XLVI Международная филологическая научная конференция

Is the Vilnius 262 Biblical Collection a part of the Judaizer Corpus of Translations from Hebrew?

Moshe Taube
The Hebrew University of Jerusalem

кафедра библеистики
13:40 - 14:00

Ключевые слова, аннотация

Slavic Translations from Hebrew, Grand-Duchy of Lithuania and Muscovy.


In the second half of the 15th century a series of works were translated from Hebrew into the variety of East Slavic in use in the Grand Duchy of Lithuania. These include:
(a) Al-Ghazālī’s Intentions of the Philosophers: only the sections on Logic and Theology.
(b) (pseudo?-) Moses Maimonides’ Logical Terminology.
The two items (a, b) constitute in Slavic the Logika.
(c) Johannes de Sacrobosco’s Book of the Sphere.
(d) Emmanuel Bar Yakov Bonfils’ Six Wings.
(e) pseudo–Aristotle’s  Secret of Secrets, including in Slavic the following interpolations:
— Maimonides’ On Coitus;
Maimonides’ On Lethal Poisons and their Antidotes (2nd part on mineral poisons);
Maimonides’ Book of Asthma (chpt. 13 on ecology and personal hygiene);
Rhazes’ Kitab al-Manṣuri fi-l-ṭibb (chapter on physiognomy).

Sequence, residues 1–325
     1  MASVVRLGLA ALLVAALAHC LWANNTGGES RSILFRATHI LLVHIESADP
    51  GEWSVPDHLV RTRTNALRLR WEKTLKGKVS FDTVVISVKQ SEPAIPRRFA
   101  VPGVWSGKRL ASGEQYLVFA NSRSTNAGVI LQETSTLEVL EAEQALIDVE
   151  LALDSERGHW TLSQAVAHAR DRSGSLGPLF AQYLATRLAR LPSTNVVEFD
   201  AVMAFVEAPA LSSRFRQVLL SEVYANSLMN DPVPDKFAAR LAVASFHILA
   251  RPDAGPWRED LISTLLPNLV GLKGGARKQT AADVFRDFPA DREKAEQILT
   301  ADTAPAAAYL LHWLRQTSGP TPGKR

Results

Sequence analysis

(f) An eight-line sorites (cyclical maxim) on the soul in the Muscovite ‘Laodicean Epistle’.
(g) possibly: the nine Old Testament Hagiographa in the 16th-century Vilnius Codex 262/19, which contains in order: Ruth, Psalms, Song of Songs, Ecclesiastes, Proverbs, Lamentations, Job, Daniel and Esther. The texts were translated from Hebrew, probably by Jews (practicing or converted) with the help of a Slavic (Christian) collaborator. The Vilnius collection was not exclusively translated from the Hebrew. Thus Daniel, bilingual (Hebrew — Aramaic) already in the original, kept its bilingual nature in the Slavic. Such non-exclusivity, however, is found also in the Secretum Secretorum, where beside the identified interpolations, all of them from Hebrew, there is a number of unidentified smaller excerpts which seem to be of non-Hebrew origin.
The paper will weigh the criteria for and against considering this group of translations a single corpus, perhaps by a single translator.